Updated at: 11-01-2022 - By: petstutorial

Every dog owner has heard this situation. You’re sitting in your most loved chair, and then right after you have gotten up from your chair the dog is able to jump into the chair. What’s up?
There are many reasons your dog’s favorite pet would like to take your seat and its body language tells all. The two main motives are dominance and affection. The majority of the time dogs want to be in your place since it symbolizes security.
Social animals would like to feel in a safe and secure environment in which they feel that they belong. This is due to their wolf ancestors as well as the concept of the pack.
Another motive, but not one to promote the idea of showing dominance. A lot of times, this is the situation when there are several dogs in the same home. Along with being a good sport however, your dog might exhibit other undesirable behaviors. In this case the dog’s body language could be more aggressive and territorial , and could cause more behavior problems if ignored. It could be reflected in the dog barking, taking an aggressive posture or even biting.
According to a study that examined dominance among domestic dogs, this may be a way to establish the “rank” in the family whether it’s with human or the dogs they share a home with.1 Dogs who were neglected, abused or even removed from their homes or even scared are often the ones who display this type of behavior. In most cases when they are properly education and reinforcement the dog will learn the reason behind this behavior and will eventually stop the behaviour.


To Show Affection

For the majority of dogs, stealing your seat is a symbol of love. In squeezing into your seat it’s a sign of a place which symbolizes warmth and security. Your scent is familiar and secure and your dog will know intuitively that the place you’ve been has been a place that’s secure and familiar. The same is that dogs are drawn to being in our beds, in our cars and on our furniture and on our laps. All of these are places we are the ones we spend most of our time, and return to time and time.
Dogs are extremely smart and are quick to grasp the routines and habits of their human counterparts. They are aware of the areas inside and around the home that you frequent. The act of sitting in your place can be a means to protect the area and the property. They’re watching out for your presence and are waiting for you to return to the area. If a dog is aware that you will provide the food and shelter he needs and shelter, he’ll put all of his trust and devotion to you and be with you wherever you go.


To Assert Dominance

Another reason that a dog might decide to climb into your chair after having been sitting in it is to signal that it is determined to control the situation. It could happen over the human or any other dog that are in the house. This type of behavior is more common in dogs that are relatively new addition to the family and has a history abuse or belongs to the same dog group. The dog is trying to figure out his place within the pack, or group and discover where the dog fits in.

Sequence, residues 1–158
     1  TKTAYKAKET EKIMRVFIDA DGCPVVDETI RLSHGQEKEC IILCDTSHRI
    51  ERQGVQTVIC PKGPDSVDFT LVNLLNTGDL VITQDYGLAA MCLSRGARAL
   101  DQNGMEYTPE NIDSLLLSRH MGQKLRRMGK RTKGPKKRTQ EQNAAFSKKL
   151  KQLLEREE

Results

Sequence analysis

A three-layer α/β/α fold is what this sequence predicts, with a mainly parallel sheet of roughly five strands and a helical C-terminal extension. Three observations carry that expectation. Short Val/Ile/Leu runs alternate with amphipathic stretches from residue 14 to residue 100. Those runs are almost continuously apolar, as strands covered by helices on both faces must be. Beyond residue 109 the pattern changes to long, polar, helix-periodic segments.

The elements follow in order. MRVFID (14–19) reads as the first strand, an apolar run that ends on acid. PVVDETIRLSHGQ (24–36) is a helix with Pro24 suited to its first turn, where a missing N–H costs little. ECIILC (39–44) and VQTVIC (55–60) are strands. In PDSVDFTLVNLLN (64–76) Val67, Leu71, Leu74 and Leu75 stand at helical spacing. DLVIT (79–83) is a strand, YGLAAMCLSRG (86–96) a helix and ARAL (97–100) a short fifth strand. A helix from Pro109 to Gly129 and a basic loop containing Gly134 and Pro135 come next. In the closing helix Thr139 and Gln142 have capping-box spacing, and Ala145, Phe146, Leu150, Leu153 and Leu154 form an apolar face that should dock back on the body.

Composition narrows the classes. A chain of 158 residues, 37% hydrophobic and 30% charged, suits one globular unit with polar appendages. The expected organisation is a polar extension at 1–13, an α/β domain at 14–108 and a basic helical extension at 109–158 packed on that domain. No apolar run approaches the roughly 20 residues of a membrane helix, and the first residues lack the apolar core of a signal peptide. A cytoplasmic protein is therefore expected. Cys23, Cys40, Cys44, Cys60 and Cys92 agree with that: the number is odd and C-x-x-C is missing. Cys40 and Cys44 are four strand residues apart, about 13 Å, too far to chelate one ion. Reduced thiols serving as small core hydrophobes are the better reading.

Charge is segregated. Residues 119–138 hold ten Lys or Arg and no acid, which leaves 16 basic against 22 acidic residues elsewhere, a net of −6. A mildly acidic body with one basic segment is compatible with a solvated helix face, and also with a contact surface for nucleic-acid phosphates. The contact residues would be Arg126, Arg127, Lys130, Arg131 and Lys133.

Dogs are territorial. This is great but they shouldn’t behave so in the house or with their own family. Although it may appear cute or even harmless initially however, allowing your dog be this way for long times can result in other behavior problems that may not be as beneficial to encourage. If your dog is adult or a puppy it is important not to allow it to become a problem for all family members, humans or animals.
Based on the American Veterinary Medical Association, this is more crucial when there are children who could be injured due to the dog becoming anxious or upset.2 From the start the dog should be aware that humans are the one in the control. This is not just a way to keep the peace, but also develops a human-dog relationship built on mutual trust and trust.

How to Handle the Behavior

If your dog has experienced this behavior a handful of instances and is followed by the wagging of his tail and a soft behavior, then you don’t have to be concerned. If it’s an ongoing issue and your dog exhibits aggression that manifests as growingling, chewing on teeth, or even biting the dog, it’s recommended to begin training prior to the problem getting more severe.
One way to handle the problem is to employ a professional dog trainer , or go to a dog training facility. A lot of dog handlers who are trained can determine the most effective course of action. Knowing the circumstances will enable them to understand why the dog is able to behave in this manner. Are there other dogs they’re fighting with? Are there children in the house? If the dog is still a puppy the early training will guarantee that when the dog develops, the behavior will cease.
If you’re confident enough with your dog to train it by yourself There are tutorials and books available on the internet that will aid you. If you’re consistent and reinforce positive behavior with reward or praise It’s possible to turn it around in just a couple of weeks or even months. It’s not helpful to shout or yell at your dog for engaging in the undesirable behavior, since they’ll never know the reason the problem is. Instead, you should purchase lots of treats for training, and give them positive reinforcement for them when they behave the way you would like them to. Think about a range of options that range from medications and supplements to longer walks , as well as calming music.



My family believes that it’s funny when Claude takes my place but the truth isthat it’s quite funny. Sometimes, it’s the signal of something much more serious.
But, most of the time, it’s your dog’s desire to stay cozy and warm. That’s at least what 43 percent of pet owners who participated in the poll are thinking and I tend to agree with them.

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